Sun | Dec 16, 2018

Enjoyment right up to 2 a.m.

Published:Saturday | May 20, 2017 | 12:00 AMMel Cooke
Part of the crowd at the second Jack Ruby Festival: The Black Experience on Friday night in Ocho Rios, St Ann.
Dancer Shelly Belly gets down low behind deejay Pamputae at Dutty Fridays at Fletcher’s Land, Kingston.

I was impressed by the discipline that was displayed at the second Jack Ruby Festival, which was held on James Avenue, Ocho Rios, St Ann, last Friday. Before the event (to celebrate the life and work of Lawrence 'Jack Ruby' Lindo, who operated the sound system named after him and who produced the Burning Spear albums Man in the Hills and Marcus Garvey), the print advertisements said that the event would run from 6 a.m. to 2 a.m.

And it did. This may have had something to do with the event being organised by the radio station IRIE FM and much of the content being broadcast live. However, it does not negate the fact that the event was run to a schedule and ended at the legally stipulated cut-off time. When Black Scorpio played Jimmy Cliff's Many Rivers To Cross and said goodbye, people walked away from what I found to be a very satisfying tribute event, and that was that.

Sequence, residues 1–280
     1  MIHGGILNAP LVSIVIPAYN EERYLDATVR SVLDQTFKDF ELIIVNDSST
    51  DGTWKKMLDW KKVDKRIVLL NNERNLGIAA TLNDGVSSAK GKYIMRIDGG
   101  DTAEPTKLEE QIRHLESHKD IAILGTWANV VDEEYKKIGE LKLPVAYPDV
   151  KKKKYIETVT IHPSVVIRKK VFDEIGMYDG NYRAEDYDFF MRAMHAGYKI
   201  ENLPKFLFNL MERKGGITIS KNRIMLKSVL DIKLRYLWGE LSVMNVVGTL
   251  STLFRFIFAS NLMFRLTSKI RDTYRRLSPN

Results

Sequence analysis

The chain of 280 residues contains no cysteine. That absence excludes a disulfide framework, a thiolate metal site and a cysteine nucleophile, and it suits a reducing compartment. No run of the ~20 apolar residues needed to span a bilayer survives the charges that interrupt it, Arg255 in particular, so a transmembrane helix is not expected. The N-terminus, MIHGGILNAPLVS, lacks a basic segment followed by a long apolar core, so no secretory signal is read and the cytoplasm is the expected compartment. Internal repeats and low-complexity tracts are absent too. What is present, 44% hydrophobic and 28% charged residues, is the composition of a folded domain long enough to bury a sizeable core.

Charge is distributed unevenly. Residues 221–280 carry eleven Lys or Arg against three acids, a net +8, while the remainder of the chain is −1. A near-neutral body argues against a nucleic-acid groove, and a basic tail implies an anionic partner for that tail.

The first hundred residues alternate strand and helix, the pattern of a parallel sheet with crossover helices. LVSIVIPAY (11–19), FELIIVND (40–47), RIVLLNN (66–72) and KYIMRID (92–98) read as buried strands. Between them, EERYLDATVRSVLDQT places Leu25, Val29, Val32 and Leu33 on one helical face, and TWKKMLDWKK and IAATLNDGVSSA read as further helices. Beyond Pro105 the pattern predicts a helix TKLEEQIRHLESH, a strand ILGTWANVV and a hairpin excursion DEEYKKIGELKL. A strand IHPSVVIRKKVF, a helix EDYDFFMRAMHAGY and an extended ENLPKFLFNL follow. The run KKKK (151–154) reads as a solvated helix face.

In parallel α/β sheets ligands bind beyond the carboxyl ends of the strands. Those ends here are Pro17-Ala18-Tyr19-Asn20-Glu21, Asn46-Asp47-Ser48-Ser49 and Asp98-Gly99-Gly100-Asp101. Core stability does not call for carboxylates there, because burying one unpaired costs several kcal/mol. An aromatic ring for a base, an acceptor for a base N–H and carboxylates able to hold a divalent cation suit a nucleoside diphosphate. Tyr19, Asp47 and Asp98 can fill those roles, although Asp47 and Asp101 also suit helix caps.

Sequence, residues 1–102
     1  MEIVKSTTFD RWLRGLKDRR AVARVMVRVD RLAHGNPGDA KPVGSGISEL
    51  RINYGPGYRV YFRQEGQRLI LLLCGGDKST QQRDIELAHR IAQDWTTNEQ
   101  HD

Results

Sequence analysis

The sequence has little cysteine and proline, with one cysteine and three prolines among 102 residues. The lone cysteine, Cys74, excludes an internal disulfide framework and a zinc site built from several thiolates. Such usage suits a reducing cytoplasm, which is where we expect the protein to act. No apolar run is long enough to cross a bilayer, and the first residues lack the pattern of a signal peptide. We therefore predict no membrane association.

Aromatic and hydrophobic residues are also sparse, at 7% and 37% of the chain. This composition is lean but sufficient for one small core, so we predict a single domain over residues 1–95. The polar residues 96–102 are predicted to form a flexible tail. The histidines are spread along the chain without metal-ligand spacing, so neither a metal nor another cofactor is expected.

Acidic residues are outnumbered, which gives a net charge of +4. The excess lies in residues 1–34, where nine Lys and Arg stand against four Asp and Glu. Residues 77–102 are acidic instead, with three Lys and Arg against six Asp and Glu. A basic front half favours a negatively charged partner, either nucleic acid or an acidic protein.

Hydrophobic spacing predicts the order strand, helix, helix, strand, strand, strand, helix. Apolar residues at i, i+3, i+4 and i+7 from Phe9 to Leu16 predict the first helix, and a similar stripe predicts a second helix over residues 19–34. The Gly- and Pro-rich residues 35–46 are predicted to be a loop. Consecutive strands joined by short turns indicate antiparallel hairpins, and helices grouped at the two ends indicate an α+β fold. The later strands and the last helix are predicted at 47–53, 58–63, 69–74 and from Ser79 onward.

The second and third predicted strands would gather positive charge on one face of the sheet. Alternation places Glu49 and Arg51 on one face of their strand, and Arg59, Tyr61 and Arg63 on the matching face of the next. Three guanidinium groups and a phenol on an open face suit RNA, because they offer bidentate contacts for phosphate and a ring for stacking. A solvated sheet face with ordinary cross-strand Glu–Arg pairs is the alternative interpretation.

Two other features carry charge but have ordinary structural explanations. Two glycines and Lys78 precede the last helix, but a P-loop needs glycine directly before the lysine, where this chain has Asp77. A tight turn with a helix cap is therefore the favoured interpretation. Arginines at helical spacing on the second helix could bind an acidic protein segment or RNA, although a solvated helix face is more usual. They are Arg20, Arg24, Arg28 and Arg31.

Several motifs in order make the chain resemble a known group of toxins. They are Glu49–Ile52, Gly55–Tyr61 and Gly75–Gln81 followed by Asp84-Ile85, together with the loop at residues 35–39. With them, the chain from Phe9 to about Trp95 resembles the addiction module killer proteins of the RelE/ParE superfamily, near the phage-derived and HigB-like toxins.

The street was full - actually, corked would be a better way to sum up how many people were on James Avenue for the free event. When time was up, there were no murmurs about wanting more time.

It was the end of a 20-hour celebration, most of the audience gathering in the after-work period. Still, approximately

7 p.m. to 2 a.m. is still seven solid hours of entertainment. In that time, there were a number of performances by persons like Brigadier Jerry and Ikaya, then from 10 p.m. onwards, there were one-hour sets of recorded music by Talia Powers (who was especially superb); Mutabaruka; King Jammy's; and Black Scorpio (Capleton and Junior Reid performed during Scorpio's stint).

I compared this with other sound system event experiences, where people turned up at about the time when the Jack Ruby Festival ended and partied for a couple of hours. An extreme example is the now defunct Dutty Fridaze in Fletcher's Land, Kingston, which peaked in the daylight hours of Saturday.

One of the differences between the events is the Jamaican popular music, which the selectors focused on. The Jack Ruby Festival was largely roots reggae - when Powers played the version of Luciano's Sweep Over My Soul, the people loved it. At Dutty Fridaze, and several other events which I attended, dancehall was the flavour of the short period of fun.

So maybe the frenetic energy which the up-tempo dancehall music that is played for a short time is different from the steady energy of rockers music, which can go on for a much longer period. So the question is this: how come there is a hue and cry over two or three hours of partying going beyond the Noise Abatement Act's shut-down time when the event could easily start at midnight and end at 2 a.m.?

As we look towards the amended Noise Abatement Act, it is something to consider.